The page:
I was the last one picked in gym class. In fifth grade we had to decide among ourselves who had to do certain classroom and cafeteria table upkeep duties, and the decision-making kid usually picked me to sweep my class’ area of the cafeteria, like a janitor. It was either me or the other least popular person, an overweight boy who I’ll call Michael C.
The really bad part about all of this is that I became swept up in the ripple effect of this bullying and I, in turn, bullied Michael C. I was super mean to him and I feel really bad about that. As bad as I got it, he got it a lot worse, from everyone — including me. He never teased me; that would have gone against the hierarchy protocol of bullying.
I just typed his name into Facebook’s search bar and the only result is a guy from Philly, so it could be him. He looks to be about my age and he appears to be a hipster artist kind of guy. I threw away all of my yearbooks so I can’t look him up to compare photos, but it doesn’t matter. I’m not going to contact him and bring up stuff from his past he’d probably want to forget.
I never told anyone about my bullying. I just checked out some old diaries to see if I mentioned anything about it, and I didn’t. I’d write, “Today was ok. I read a book in study hall.” As far as why I never told my parents, I think I just didn’t want to get into it and probably felt their involvement would make it worse.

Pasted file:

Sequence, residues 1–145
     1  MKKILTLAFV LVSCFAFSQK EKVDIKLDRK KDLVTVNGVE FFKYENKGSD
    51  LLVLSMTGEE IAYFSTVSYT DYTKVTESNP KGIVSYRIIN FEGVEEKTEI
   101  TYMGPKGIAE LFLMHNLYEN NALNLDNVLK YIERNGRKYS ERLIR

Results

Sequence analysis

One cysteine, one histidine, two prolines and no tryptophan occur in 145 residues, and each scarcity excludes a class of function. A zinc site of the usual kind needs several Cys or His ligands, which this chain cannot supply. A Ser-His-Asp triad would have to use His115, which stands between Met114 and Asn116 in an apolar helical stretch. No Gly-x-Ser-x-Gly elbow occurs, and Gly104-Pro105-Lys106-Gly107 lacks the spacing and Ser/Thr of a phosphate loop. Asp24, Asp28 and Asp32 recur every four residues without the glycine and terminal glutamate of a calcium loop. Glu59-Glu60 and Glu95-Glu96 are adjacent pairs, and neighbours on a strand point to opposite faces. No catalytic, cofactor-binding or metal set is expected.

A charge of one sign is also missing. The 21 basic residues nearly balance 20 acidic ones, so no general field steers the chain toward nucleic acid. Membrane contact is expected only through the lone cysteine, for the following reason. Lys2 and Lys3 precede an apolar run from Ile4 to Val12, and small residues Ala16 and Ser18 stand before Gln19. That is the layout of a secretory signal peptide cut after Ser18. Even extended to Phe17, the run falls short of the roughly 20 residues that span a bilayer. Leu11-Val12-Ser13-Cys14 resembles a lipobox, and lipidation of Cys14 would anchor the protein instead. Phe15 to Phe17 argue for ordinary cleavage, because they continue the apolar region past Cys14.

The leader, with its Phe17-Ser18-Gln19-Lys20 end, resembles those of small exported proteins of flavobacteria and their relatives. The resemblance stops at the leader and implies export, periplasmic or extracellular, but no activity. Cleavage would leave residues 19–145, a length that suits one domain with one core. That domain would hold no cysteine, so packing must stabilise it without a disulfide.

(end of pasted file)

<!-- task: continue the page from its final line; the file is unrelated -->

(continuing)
So, I would have pep talks with myself while on the bus or walking the halls. I told myself that a human being’s face is just the focal point because it primary means for identification, and that’s it. The face isn’t everything. I was still okay even though I was ugly. And that would make me feel better. It’s like I had found a way to resist being completely dehumanized by the bullies.
What’s heartbreaking is that when I look at pictures of myself back then, I have enough distance to say that I wasn’t an ugly girl. I see an awkward girl, yes. But the damage done to my self-esteem made me believe I was ugly. Even today, I’m never pleased with what I see in the mirror and I envy those who don’t have that harsh voice inside them.
By the time I reached high school, the bullying had stopped, and it was a relief not to be under so much stress all the time. But those experiences really shaped the person I became.
And, you know, I think that’s a good thing. Even though I bullied Michael C. myself, I think being the target of bullies resulted in me being a kinder, more empathetic and sensitive person, ultimately. I spent a lot of time alone, so I developed solitary hobbies, like reading, writing and drawing.
And my outsider status sharpened my observation skills to the point that I channeled that into a career as a newspaper reporter when I became an adult.
I still have red hair. It’s so funny to me how red is now a desired color. Up until a few years ago I was still trying to get rid of the red and I’d get blond highlights.
But over the past year, I started embracing it more to the point that I now color my hair to make it even more red.
Fuck you, bullies.